Which Classification System Is Most Useful for Classifying Osteonecrosis of the Femoral Head?

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Many studies have confirmed that the size and location of necrotic lesions are major factors that affect the prevalence of collapse and prognosis in patients with osteonecrosis of the femoral head (ONFH). Although several classification systems categorize and quantify ONFH, there is no agreement on which one is most useful for the purpose.


We compared the Steinberg, modified Kerboul, and Japanese Investigation Committee (JIC) classifications of ONFH in terms of (1) the correlation among the three different classification systems. We further examined (2) the inter- and intraobserver reliability of the three classification systems and (3) the association of higher grades within each classification and the risk of subsequent collapse.


Between January 2000 and December 2014, we treated 101 hips in 74 patients for precollapse ONFH, diagnosed either on plain radiographs or MRI. Of those, one patient (1%) died, six patients (8%) were lost to followup, and two patients (3%) underwent osteotomy before 2 years, leaving 86 hips in 65 patients (88%) for analysis here. Three-dimensional spoiled gradient-echo sequence (3D-SPGR) MRI was performed for all hips, and the presence of ONFH was determined by finding the area surrounded by the outer margin of the low-signal-intensity band on 3D-SPGR MRI. Patients with ONFH were categorized using the Steinberg, modified Kerboul, and JIC classification systems, and correlations among these three classification systems were investigated. Inter- and intraobserver reliability was assessed by 10 orthopaedic surgeons using 40 sets of 3D-SPGR MR images. The reliability of each system was evaluated using the kappa coefficient. The cumulative survival rate with collapse and undergoing hip arthroplasty as the endpoints was evaluated for each of the three classification systems (mean followup, 9 years; range, 2–16 years), and the association of higher grades within each classification and the risk of subsequent collapse were also evaluated.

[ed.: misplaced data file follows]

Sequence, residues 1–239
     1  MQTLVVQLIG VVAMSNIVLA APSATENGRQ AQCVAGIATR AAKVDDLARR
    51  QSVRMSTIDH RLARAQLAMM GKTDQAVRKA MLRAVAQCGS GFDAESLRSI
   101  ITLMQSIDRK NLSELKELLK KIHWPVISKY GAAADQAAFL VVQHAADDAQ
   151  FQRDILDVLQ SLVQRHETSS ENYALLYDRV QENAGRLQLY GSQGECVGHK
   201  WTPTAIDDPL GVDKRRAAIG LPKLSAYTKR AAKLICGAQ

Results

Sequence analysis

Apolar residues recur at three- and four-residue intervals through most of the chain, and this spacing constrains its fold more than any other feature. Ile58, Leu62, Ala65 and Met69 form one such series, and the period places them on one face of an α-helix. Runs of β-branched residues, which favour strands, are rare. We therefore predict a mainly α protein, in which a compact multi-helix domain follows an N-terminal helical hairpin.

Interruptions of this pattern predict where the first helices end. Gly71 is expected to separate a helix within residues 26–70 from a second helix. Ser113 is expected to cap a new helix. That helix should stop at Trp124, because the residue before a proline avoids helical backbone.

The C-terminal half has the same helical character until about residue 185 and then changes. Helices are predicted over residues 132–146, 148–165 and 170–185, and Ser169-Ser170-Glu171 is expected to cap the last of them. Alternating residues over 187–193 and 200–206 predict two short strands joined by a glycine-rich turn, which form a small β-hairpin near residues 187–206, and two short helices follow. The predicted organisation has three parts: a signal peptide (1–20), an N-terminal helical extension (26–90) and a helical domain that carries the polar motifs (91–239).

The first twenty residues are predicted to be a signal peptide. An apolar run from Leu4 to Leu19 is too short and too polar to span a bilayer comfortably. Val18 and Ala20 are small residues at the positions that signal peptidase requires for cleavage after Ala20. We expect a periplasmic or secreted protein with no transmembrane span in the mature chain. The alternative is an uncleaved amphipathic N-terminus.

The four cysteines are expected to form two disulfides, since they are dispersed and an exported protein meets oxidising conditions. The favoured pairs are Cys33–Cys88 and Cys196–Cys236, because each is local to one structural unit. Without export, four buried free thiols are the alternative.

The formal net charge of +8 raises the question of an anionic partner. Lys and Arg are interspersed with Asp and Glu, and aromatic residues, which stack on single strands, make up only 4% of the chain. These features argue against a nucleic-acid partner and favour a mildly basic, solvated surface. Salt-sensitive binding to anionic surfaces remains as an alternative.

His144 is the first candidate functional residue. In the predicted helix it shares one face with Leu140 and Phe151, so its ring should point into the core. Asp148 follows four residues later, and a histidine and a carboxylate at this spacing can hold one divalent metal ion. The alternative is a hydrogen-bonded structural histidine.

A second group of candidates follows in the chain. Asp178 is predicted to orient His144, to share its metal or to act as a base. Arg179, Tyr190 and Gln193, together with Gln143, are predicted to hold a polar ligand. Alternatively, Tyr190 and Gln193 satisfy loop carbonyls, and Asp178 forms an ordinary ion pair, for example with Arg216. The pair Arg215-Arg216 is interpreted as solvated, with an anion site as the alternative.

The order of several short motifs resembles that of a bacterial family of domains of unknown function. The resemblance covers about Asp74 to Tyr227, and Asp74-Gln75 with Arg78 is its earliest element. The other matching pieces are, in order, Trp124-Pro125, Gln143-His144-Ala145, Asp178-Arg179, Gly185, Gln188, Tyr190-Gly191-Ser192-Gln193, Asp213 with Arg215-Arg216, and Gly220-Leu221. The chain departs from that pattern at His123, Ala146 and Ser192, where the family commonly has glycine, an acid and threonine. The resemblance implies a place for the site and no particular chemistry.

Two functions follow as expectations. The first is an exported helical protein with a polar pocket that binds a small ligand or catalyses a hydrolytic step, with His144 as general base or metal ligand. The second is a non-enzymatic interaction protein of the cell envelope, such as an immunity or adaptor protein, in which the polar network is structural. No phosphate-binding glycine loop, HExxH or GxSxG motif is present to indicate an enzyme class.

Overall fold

We found strong correlations between the Steinberg and modified Kerboul classifications (ρ = 0.83, p < 0.001), the Steinberg and JIC classifications (ρ = 0.77, p < 0.001), and the modified Kerboul and JIC classifications (ρ = 0.80, p < 0.001). Interobserver reliability in the JIC classification (0.72; range, 0.30–0.90) was higher than that in the Steinberg classification (0.56; range, 0.24–0.84; p < 0.001) and the modified Kerboul classification (0.57; range, 0.35–0.80; p < 0.001). The cumulative survival rate with collapse as the endpoint after a minimum of 2 years of followup in the Steinberg classification differed between Grades A (82%; 95% confidence interval [CI], 66%–97%) and B (43%; 95% CI, 21.9%–64.8%; p = 0.007), Grades A and C (20%; 95% CI, 4.3%–35.7%; p < 0.001), and Grades B and C (p = 0.029). Survival was lower for modified Kerboul Grade 4 hips (12%; 95% CI, 0%–27.1%) than for Steinberg Grade C hips (20%; 95% CI, 4.3%–35.7%) and JIC Type C2 hips (18%; 95% CI, 2.8%–34.0%). The JIC classification was best able to identify hips at low risk of collapse because no JIC Type A hips collapsed.


The JIC classification was more reliable and effective, at least for early-stage ONFH, than the Steinberg or modified Kerboul classifications. Further investigation might be useful to identify whether each classification system emphasizes specific risk factors for collapse.

Level of Evidence

Level III, diagnostic study.

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